Lumber Liquidators is in full on damage control mode after 60 Minutes released a “damning report” about the safety of their product.
During the report, which aired on Sunday evening, 60 Minutes revealed disconcerting safety issues and purposeful deception.
For instance, a Chinese factory responsible for creating laminate floors for Lumber Liquidators was accused of intentionally mislabeling the products.
The laminate floors were allegedly labeled to show they are in compliance with California safety regulations. In actuality, this couldn’t be further from the truth.
60 Minutes tested the Lumber Liquidators flooring in Virginia, Texas, Illinois, and Florida for formaldehyde. Formaldehyde is believed to be a cancer-causing chemical.
The alleged results of the test were deeply concerning.
“Out of the 31 samples of Chinese-made laminate flooring, only one was compliant with formaldehyde emissions standards. Some were more than 13x over the California limit.”
The report has been extremely harmful to the reputation of Lumber Liquidators and the company’s stocks. Pre-market trade on Monday morning had Lumber Liquidators shares down as much as 20 percent.
Lumber Liquidators has since responded to serious accusations, denying the validity of the 60 Minutes tests.
Tom Sullivan, the founder and chairman of Lumber Liquidators, defended his company’s product.
“We don’t get [low prices] by skimping on anything. We get the price by low overhead, huge volume and being very efficient at what we do.”
Sullivan assured the public that he’d never sell anything unsafe.
That hasn’t stopped Lumber Liquidators from being sued by environmentalists over the cancer-causing concerns raised by testing.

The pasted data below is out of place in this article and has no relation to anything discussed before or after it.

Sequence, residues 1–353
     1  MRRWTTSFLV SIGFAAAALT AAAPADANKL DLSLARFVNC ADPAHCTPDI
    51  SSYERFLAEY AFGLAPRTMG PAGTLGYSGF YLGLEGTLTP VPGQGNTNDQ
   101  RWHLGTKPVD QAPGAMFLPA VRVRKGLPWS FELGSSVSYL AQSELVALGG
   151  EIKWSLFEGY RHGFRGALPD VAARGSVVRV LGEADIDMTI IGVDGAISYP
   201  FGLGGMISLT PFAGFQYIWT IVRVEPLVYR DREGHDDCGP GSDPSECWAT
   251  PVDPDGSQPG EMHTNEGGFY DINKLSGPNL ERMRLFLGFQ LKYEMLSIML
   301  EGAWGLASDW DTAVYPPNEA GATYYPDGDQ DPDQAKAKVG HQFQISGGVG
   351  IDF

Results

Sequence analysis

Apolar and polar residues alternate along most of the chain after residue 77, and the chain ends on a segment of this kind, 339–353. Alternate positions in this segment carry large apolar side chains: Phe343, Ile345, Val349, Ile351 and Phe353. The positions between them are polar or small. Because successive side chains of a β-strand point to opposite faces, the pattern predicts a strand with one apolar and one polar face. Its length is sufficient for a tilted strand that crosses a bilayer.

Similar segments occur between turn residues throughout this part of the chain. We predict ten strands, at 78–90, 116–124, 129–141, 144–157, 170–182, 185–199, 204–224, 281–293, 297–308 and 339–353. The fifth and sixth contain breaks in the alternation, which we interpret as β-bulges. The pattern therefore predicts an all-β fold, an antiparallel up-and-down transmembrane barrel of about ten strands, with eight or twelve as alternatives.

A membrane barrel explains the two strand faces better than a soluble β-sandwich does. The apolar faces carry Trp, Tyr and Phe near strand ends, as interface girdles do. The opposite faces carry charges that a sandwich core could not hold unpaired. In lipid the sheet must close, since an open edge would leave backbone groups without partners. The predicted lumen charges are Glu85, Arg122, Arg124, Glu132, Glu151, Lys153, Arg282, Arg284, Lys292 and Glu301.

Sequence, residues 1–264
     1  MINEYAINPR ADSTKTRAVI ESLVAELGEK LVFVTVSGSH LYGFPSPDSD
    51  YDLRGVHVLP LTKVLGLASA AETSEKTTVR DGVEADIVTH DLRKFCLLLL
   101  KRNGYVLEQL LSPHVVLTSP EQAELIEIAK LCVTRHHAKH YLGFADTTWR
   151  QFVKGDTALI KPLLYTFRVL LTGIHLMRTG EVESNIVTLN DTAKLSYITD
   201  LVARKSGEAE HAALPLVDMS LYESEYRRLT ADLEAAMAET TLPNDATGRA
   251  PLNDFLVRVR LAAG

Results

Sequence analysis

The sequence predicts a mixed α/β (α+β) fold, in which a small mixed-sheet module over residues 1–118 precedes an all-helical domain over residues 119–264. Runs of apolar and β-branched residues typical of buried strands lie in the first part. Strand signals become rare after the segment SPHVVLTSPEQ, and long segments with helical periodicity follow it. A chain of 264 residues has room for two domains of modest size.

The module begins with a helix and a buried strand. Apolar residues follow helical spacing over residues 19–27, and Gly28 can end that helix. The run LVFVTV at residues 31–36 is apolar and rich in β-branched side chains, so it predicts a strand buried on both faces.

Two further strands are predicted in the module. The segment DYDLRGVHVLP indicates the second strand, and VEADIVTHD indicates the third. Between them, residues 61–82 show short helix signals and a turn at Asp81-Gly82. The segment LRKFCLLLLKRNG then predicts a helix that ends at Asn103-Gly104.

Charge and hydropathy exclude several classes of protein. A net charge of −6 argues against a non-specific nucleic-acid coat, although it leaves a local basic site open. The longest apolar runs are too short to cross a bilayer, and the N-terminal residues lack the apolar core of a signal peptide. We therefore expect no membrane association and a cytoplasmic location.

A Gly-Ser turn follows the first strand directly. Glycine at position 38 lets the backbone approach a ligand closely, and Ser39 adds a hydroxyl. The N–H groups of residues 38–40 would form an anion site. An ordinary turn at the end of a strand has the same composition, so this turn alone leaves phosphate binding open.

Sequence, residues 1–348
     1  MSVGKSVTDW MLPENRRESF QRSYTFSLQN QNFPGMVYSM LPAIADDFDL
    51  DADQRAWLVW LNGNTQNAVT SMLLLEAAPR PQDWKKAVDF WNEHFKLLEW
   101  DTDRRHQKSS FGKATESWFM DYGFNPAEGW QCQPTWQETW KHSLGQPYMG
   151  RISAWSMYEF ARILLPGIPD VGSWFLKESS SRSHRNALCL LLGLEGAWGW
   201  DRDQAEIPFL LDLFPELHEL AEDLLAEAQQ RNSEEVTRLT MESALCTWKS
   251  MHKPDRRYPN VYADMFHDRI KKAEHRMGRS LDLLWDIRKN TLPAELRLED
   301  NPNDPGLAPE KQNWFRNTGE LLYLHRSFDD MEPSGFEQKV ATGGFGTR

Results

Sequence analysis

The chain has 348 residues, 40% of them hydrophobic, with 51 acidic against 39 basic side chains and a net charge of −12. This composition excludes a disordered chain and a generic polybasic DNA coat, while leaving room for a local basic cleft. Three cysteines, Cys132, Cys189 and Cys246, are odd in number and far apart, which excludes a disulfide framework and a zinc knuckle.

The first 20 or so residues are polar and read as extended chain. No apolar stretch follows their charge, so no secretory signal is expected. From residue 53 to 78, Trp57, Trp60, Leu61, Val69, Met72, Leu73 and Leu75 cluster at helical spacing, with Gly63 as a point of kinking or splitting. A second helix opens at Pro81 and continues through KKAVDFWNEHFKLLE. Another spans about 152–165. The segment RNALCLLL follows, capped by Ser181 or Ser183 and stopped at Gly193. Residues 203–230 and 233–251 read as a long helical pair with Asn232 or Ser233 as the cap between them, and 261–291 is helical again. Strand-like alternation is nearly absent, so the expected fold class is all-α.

Lumber Liquidators responded by claiming that the environmentalists are backed by a group of short-selling investors hoping to drive the company’s stock values down.
“These attacks are driven by a small group of short-selling investors who are working together for the sole purpose of making money by lowering our stock price.”
But Lumber Liquidators may have bigger problems than investors.
The company admitted that the U.S. Department of Justice may move to press criminal charges against it over the illegal harvesting of tropical hardwoods.
The company’s office was reportedly raided by federal agents in 2013 for this very reason.
Reportedly, federal authorities were trying to gain evidence that the company is using wood from forests that are home to the endangered Siberian tiger.
If true, this would mean Lumber Liquidators is in violation of the Lacey Act.
“In 2008, the Lacey Act was amended to include a wider variety of prohibited plants and plant products, including products made from illegally logged woods, for import.”
Lumber Liquidators currently owns 352 stores in 46 states and Canada.
[Image Credit: Lumber Liquidators]